Bunions Hallux Abducto Valgus (HAV)
What is a bunion and how did I get one? I hear this question almost every day in my office.
A bunion, sometimes referred to as Hallux Abducto Valgus or HAV, is the bump that develops along the big toe joint. Over time the long bone that goes to the big toe starts to shift and protrude out of the skin which can also cause the big toe to go sideways and sometimes under the second toe.
Bunions form through many factors; however, foot structure and genetics are the most common. Unfortunately, when a bunion becomes painful, few non-surgical options help. Typically, a wider shoe and avoiding activities that cause the bunion to be painful are your only options. If these solutions do not relieve the symptoms, then surgery may be recommended.
Many people are scared of bunion surgery having heard horror stories. However, there are over one hundred different types of bunion surgeries, and it has taken a long time for podiatrists and foot surgeons to figure out the best surgical methods for ideal outcomes.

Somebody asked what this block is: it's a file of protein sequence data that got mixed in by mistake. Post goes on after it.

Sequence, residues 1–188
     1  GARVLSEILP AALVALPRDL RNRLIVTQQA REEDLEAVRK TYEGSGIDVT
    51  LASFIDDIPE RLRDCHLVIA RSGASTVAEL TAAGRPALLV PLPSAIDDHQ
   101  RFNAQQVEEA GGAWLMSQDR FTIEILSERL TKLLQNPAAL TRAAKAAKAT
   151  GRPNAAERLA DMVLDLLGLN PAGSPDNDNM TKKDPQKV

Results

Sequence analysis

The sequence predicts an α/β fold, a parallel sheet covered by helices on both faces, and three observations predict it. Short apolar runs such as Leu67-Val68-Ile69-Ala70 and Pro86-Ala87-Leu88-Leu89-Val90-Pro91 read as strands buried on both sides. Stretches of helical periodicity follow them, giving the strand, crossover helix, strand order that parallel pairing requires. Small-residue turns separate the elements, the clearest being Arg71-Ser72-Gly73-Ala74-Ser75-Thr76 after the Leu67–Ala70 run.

Today, of all the surgical options once considered, less than a dozen are performed routinely in the United States. With better technology and procedures, bunion surgery has dramatically improved. More than 90% of patients can find relief with a simple 15-minute out-patient procedure in which the patient can walk the same day as the surgery. Patients generally require very little pain medication and are back to regular shoes in just a few weeks.
When performed correctly, patients will never have to worry about re-occurrence or future issues.
Matthew A. Hopson, DPM, FACFAS, is a board-certified foot and ankle surgeon who joined TPMG Orthopedics in 2011. He specializes in adult and pediatric deformity correction of the foot and ankle. His practice includes a variety of cases ranging from complex deformities, lateral ankle instability, sports injuries, foot and ankle fractures, arthritis and other lower extremity ailments. Dr. Hopson is board certified in Foot and Ankle Reconstructive Surgery and is a Fellow of the American College of Foot and Ankle Surgeons.